Homo erectus is known for its controlled use of fire, advanced toolmaking skills and the ability to migrate out of Africa. We have evidence of the first sporadic use of fire, with discolored sediments found in Koobi Fora, Kenya. An often overlooked factor that likely greatly influenced human evolution is that our ancestors decided to start cooking their food.

Unless you can afford to buy the oils and supplements necessary, modern humans need to eat cooked food.

"Without cooked food, women will lose their periods and become unable to reproduce in a natural environment, so the human body is adapted and dependent on cooked food," says Alex.

Cooking our food breaks it down mechanically and chemically, making it easier for our digestive system to extract energy from it. This likely helped feed our growing, metabolically expensive brains with a steady energy source. Even other animals will often prefer to eat cooked food over raw food if given the option. 

"And then when you get to 2 million years ago, you see a species called Homo erectus, and at this point, they are probably as tall as living humans. They have much smaller brains, but from the neck down, they look very much like modern humans," she says.

During this time, we see gradual innovations in material culture where tools and technology are getting increasingly sophisticated. H. erectus is also thought to have migrated out of Africa in large numbers.

Early anthropologists thought our large brains must have been the first change, but it actually comes kind of late in our evolutionary story. There is a gradual increase in brain size between the Australopiths and H. erectus, but after that, we see an increasing brain size until about 100,000 years ago when cranial capacity basically maxes out.


Read More: The Dawn of Fire: When Did Early Humans First Discover Fire?


Modern Human Interbreeding: Homo Neanderthalensis 

(250,000 Years Ago)

Evidence reveals a common genetic heritage between Homo Neanderthalensis and modern humans, which indicates they interbred.

"Genetic evidence suggests Neanderthals and other Homo species had low genetic diversity, similar to endangered species today. Whereas Homo sapiens had greater genetic diversity, a larger population, and occupied different parts of the world by the time they were interacting with these other species, with the others being more vulnerable to competition from another human species," says Alex.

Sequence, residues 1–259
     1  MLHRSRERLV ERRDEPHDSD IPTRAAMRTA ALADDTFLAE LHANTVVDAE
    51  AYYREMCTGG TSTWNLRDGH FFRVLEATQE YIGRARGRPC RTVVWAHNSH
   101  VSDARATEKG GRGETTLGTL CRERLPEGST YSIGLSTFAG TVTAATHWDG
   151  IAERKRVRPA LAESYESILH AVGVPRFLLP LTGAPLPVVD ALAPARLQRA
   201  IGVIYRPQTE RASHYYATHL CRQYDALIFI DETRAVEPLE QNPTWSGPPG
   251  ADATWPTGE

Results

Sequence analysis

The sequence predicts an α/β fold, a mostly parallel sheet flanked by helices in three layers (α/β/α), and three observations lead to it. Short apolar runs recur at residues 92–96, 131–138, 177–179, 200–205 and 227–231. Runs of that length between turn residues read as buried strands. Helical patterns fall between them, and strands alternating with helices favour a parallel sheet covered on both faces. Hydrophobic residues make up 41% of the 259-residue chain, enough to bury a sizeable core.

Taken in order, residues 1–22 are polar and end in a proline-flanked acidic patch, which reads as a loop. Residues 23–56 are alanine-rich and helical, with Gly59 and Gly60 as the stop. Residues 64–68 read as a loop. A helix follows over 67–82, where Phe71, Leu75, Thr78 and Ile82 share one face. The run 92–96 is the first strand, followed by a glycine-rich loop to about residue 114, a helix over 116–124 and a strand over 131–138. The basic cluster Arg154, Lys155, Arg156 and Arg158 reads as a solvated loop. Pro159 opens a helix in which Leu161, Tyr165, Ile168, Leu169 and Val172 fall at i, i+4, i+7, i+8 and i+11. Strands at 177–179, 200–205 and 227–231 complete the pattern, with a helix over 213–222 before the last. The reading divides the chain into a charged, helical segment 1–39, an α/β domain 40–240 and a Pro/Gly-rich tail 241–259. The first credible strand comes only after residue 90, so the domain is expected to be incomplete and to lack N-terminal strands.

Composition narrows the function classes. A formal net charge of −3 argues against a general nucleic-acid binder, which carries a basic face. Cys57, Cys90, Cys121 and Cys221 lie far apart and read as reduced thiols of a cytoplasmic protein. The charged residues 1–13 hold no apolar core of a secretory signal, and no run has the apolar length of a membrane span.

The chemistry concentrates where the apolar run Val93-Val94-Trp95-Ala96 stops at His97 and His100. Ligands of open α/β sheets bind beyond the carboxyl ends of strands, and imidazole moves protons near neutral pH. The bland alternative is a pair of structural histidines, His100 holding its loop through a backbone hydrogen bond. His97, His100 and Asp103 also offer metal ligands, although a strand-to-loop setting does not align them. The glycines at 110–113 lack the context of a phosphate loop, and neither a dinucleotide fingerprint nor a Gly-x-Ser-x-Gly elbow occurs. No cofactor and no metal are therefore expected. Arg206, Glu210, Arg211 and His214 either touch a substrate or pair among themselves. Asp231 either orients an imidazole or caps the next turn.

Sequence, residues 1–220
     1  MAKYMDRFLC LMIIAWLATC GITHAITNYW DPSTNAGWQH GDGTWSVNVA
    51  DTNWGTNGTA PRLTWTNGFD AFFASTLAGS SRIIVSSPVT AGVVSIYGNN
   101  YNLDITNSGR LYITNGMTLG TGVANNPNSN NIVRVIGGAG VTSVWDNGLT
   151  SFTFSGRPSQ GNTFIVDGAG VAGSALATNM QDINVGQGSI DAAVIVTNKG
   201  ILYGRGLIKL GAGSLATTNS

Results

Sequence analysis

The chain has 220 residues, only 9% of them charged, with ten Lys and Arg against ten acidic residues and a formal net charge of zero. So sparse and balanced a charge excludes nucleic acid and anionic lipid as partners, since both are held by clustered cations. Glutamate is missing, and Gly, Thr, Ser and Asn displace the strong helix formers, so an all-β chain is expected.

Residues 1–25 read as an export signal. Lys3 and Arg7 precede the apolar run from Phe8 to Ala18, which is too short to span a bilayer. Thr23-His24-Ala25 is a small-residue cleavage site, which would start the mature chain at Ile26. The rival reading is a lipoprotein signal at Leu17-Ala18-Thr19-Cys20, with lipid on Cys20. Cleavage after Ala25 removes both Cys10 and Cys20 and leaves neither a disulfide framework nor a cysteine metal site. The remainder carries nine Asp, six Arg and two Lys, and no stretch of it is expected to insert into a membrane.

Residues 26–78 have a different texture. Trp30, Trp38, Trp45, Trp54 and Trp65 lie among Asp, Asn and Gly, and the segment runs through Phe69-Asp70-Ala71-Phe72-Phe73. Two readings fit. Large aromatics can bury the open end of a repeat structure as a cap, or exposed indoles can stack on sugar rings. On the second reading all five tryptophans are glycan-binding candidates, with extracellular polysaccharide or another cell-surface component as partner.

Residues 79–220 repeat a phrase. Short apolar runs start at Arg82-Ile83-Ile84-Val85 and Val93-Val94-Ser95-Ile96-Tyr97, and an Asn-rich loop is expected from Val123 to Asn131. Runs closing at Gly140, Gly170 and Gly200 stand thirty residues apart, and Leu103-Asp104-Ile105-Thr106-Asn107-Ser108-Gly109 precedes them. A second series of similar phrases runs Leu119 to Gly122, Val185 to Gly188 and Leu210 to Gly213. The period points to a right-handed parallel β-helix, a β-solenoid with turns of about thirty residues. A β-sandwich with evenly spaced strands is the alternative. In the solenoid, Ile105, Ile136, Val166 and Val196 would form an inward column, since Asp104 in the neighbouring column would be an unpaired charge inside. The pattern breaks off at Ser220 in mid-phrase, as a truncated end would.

If we were to go back 100,000 years, then there would be at least four different species of humans living on the planet; Homo NeanderthalensisHomo sapiens, Homo Floresiensis and the Denisovans. But by 40,000 years ago, there was only one species left, and that's us, Homo sapiens.

There have been a number of hypotheses put forward by scientists to explain why we became the last remaining species of humans on the planet; however, the answer is probably a complex mix of different factors.

Neanderthals and the Denisovans lived in ice-age Europe and Asia, respectively, meaning they likely had small populations due to living in extreme environments, whereas H. sapiens were more spread out, with a large population living in modern-day Africa. This, together with competition from H. sapiens, who likely possessed technologies like projectile weapons, likely contributed to these other human species going extinct. We do also know, however, that interbreeding did happen, and we see evidence of this in modern human DNA.

We also can't really talk about human evolution without mentioning the development of language. Cognitively, the starkest difference between humans and primates is language, at least in the way humans use it.

Other species can obviously communicate, but H. sapiens appear to have a unique capacity to acquire language in the form of applying meaning to abstract sounds and intuitively understanding hierarchical linguistic structures. It is an innovation that has allowed us to become the species we are today. It has enabled the development of culture and knowledge, which are perhaps the most important factors that shape the evolution of modern humans.


Read More: How Much Neanderthal DNA Do Humans Have?